The consequences  - as we now know in the UK - have not worked out as the Left planned; with much tougher attitudes towards certain recipients of the welfare state (especially those seen as 'undeserving') and a generally poisonous press climate.  This has made it profoundly tricky - if not electorally impossible - for Labour to defend social security.  Even the party's announcement last week of a Job Guarantee programme for all long-term unemployed people - something you'd think might appeal to all shades of Labour - drew the ire of the party's left for its accompanying emphasis on toughness, sanctions and personal responsibility.

The results from the US are broadly comparable, with welfare reform having no success in producing more favourable attitudes towards social security policies.  Whilst American attitudes have not undergone as deep a transformation as British ones, it is worth remembering that US opinion was already at a much lower base of support than in the UK.

So what are the messages from these very similar stories?  Well, firstly, the experiences in both the UK and the US suggest the opposite from what many commentators seem to accept as a truism: that politicians respond to public opinion.  Rather, the shift in attitudes in both countries strongly implies that what political parties say can have a significant effect on what the public think.  And once Labour realise this, they will be liberated from the destructive game they so often seem to play with the Conservatives on welfare.

The second message is argued by the authors of the US paper.  This is that for policy areas like social security - in which there is little 'proximity' to most people's lives - the 'visibility' of political messages becomes increasingly important.  This means that people pay little attention to policy detail and pay a lot of attention to policy message.  We can see this phenomenon at play in the debate about the benefits cap.  It won't affect the majority of people: so the Coalition frame it as a symbolic policy, about what is fair and what is not.  Labour, alternatively, complain about the sloppy detail of how the policy has been made and voice concerns regarding its consequences.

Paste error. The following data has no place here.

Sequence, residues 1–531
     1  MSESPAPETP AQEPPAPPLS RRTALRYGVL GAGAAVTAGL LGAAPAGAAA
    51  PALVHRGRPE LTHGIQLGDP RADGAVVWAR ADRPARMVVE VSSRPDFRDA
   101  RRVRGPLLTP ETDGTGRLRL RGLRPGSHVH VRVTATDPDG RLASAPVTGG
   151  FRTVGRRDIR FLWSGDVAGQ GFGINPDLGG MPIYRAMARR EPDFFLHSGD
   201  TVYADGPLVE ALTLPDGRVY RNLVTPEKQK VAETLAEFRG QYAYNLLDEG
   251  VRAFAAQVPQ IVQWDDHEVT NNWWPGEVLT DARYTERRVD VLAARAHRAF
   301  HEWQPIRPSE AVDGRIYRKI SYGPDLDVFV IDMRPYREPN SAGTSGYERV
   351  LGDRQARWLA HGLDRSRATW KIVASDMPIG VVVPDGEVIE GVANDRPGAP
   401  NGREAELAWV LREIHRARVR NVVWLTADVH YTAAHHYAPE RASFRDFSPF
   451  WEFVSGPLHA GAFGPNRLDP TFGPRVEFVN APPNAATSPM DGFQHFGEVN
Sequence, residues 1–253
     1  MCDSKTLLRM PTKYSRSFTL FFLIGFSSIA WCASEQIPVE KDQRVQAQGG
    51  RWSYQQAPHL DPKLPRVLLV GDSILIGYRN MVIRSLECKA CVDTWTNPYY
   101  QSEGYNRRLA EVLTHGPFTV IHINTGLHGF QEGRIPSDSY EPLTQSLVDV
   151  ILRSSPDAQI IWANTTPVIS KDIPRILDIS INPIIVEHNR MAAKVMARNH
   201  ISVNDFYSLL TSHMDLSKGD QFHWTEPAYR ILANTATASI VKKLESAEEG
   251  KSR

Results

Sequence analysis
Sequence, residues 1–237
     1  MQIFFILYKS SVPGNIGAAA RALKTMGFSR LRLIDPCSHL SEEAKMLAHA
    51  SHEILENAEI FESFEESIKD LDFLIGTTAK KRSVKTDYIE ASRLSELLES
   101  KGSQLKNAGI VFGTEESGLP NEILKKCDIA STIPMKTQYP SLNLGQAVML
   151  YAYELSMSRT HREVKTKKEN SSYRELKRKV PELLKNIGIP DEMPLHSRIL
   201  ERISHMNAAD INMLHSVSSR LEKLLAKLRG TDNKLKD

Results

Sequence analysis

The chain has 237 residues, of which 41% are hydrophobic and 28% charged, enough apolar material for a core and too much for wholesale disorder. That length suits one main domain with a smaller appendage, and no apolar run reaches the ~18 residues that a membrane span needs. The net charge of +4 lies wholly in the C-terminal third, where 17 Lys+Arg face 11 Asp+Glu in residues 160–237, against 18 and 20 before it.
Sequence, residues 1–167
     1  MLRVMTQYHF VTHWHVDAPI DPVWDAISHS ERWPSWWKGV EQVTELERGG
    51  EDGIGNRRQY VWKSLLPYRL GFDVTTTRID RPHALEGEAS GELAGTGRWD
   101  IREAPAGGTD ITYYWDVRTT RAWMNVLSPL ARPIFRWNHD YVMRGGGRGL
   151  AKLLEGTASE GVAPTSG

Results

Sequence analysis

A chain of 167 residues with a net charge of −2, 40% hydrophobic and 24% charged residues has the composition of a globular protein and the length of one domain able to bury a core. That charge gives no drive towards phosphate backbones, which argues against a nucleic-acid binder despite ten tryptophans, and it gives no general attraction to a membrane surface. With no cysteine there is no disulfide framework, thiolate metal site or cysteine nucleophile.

To win what some are already calling a 'welfare war', Ed Miliband and Labour need to learn two lessons from how public attitudes have shifted in the past decade.  First, that it is in Labour's power to shift the terms of debate.  And second, that in order to do this, it will have to win a war of hearts, not just of heads.

Wednesday, 2 January 2013

If policy should promote happiness, we need to know what happiness is

This morning I read Alastair Campbell's short book The Happy Depressive.  In sum, it is mostly a discussion of what it means to be happy, set against the backdrop of Campbell's own - often troubled - life.  Alastair Campbell labels his interpretation of happiness as a 'dark theory'.  Happiness is, according to Campbell, something we can only know at the very end of our lives; when we look back at how we have lived and whether or not we feel we have been fulfilled.

The Easterlin Paradox: happiness is stagnant despite rising incomes

Happiness then is not a feeling, as such.  Rather, it is an evaluative process that we engage in throughout our lives.  Do we fulfil and challenge ourselves?  Do we do our best to cultivate our most important relationships?  Do we make a difference to other people's lives?  To my mind, Campbell makes an extremely important point: it is possible to feel anxious, grumpy and burdened but at the same time be happy.

This confusion - between feeling happy and being happy - is what I think is behind many social problems.  People too often seek out immediate pleasures that make them feel momentarily good: gambling; drinking; taking drugs; eating too much; buying expensive stuff we don't need.  There is a sense across society that to be happy is to seek out the feeling of pleasure; a dangerous and depressing idea.

Contemplating happiness is now at the centre of many policy discussions, as academics, politicians and other assorted wonks try to put the measurement of happiness at the centre (or least margins) of policy formation.  Yet as Campbell's discussion implies, in order to promote happiness and measure happiness, we need to consider what happiness actually is.

This means that there are two very different kinds of question we can ask people.

How happy is your life at the moment?  


How happy are you with your life?

I suspect when asked these two, very different questions, different types of people might give very different answers.